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Pigeon pea

The Pigeon pea (Cajanus cajan; also Cajanus indicus) is a member of the family Fabaceae.

Other common names are dahl, gandul, red gram, Congo pea, Gungo pea, and no eye pea.

The cultivation of the pigeon pea goes back at least 3000 years. The centre of origin is most likely Asia from where it travelled to East Africa and by means of the slave trade to the New World. Today pigeon peas are widely cultivated in all tropical and semi-tropical regons of both the Old and the New World.


Pigeon peas are both food crop (dried peas, flour, or green vegetable peas) and forage/cover crop.

Pigeon peas are nutritionally important, as they contain high levels of protein (typically 22% in Dahl) and the important amino acids methionine, lysine, and tryptophan. In combination with cereals, pigeon peas make a well balanced human food.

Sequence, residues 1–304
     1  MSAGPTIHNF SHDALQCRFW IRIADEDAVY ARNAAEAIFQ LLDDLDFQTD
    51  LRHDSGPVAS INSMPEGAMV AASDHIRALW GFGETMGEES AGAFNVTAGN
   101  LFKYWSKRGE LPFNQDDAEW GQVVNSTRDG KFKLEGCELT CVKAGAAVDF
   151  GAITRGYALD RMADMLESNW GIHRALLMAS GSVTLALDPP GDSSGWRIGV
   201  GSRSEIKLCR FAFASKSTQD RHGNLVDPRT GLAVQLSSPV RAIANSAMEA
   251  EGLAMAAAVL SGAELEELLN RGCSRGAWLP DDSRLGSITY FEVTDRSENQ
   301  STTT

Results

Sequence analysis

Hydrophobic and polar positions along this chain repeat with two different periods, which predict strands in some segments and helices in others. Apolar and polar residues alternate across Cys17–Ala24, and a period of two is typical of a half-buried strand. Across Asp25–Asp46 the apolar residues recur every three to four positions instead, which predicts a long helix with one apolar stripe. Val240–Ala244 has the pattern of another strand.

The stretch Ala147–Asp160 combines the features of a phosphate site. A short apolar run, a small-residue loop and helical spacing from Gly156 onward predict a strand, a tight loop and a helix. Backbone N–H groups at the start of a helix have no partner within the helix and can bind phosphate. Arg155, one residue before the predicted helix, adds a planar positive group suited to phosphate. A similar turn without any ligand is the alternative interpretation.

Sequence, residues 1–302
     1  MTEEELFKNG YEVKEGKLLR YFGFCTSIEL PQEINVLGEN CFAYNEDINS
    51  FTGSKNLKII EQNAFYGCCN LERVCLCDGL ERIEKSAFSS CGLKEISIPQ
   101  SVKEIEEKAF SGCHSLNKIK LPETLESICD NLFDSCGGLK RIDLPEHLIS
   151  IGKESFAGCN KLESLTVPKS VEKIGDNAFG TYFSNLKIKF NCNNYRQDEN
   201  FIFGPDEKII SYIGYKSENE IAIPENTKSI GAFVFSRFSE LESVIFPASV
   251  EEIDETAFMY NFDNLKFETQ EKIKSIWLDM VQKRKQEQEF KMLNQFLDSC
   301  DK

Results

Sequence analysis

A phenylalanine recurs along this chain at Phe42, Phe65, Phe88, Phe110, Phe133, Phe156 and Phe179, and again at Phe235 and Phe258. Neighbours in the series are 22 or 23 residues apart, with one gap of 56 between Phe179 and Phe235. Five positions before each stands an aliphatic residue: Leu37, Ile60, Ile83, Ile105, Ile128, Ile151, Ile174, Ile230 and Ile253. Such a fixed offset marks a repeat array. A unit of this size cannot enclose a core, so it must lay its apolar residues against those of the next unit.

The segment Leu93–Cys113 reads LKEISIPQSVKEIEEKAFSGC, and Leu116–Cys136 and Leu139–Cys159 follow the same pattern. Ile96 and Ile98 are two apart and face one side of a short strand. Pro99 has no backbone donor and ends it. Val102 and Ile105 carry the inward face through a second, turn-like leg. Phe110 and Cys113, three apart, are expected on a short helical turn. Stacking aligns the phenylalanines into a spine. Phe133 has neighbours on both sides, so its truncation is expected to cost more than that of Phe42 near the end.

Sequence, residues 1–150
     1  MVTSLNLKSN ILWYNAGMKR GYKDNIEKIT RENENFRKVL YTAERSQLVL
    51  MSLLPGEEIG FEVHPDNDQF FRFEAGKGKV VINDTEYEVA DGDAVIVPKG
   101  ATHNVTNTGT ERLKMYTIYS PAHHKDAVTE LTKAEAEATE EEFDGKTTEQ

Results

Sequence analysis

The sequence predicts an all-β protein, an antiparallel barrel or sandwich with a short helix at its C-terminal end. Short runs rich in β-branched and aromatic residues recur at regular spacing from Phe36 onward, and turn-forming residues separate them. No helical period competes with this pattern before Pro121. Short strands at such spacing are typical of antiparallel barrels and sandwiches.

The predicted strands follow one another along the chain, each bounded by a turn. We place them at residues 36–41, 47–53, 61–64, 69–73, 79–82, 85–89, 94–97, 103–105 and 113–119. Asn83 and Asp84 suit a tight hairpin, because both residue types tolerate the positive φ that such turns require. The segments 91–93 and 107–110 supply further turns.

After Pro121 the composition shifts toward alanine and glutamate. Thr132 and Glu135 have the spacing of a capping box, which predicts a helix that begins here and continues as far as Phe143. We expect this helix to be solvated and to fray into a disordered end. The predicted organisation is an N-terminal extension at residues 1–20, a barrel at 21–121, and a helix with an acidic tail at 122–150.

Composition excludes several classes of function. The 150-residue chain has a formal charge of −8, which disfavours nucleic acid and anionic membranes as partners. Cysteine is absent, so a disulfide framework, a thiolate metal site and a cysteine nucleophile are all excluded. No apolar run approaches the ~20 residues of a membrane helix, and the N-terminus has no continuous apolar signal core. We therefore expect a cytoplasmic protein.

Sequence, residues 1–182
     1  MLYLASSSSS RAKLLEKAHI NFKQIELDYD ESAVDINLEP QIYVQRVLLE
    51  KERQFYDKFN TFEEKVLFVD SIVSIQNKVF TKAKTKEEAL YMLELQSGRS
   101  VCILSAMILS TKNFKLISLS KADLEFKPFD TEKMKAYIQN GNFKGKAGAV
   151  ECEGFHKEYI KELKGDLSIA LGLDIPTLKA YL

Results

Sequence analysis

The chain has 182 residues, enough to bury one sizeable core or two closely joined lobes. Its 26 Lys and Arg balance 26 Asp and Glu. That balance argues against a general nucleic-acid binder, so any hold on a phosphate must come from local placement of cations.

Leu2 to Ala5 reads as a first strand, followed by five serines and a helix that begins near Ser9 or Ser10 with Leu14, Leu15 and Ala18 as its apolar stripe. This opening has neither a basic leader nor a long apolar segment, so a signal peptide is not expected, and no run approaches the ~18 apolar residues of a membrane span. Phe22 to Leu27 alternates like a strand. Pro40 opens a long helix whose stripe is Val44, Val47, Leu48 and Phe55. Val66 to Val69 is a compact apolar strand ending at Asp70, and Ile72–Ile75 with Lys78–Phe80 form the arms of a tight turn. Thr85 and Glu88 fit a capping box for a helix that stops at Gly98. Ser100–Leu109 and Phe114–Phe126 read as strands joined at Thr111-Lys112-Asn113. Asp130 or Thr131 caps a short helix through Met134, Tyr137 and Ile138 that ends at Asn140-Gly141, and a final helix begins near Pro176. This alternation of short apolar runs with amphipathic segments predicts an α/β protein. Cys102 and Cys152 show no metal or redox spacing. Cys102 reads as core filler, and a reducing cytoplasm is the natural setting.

In some countries, such as the Dominican Republic and Hawaii, pigeon peas are grown for canning.

The woody stems of pigeon peas are used as firewood, fencing and thatch. In Thailand, pigeon peas are grown as host for scale insects which produce lac.

Pigeon peas are in some areas an important crop for green manure. They can after incorporation provide up to 40 kg nitrogen per hectare.


In most areas pigeon peas are grown in association with other row crops such as sorghum, millet, or maize. Pigeon peas can be of a perennial type, in which the crop can last 3-5 years (although the seed yield drops considerably after the first two years), or an annual type more suitable for grain production.

Pigeon peas are very drought resistant and can be grown in areas with less than 650 mm annual rainfall.

World production of pigeon peas is estimated at 4.6 million hectares. About 82% of this is in grown in India.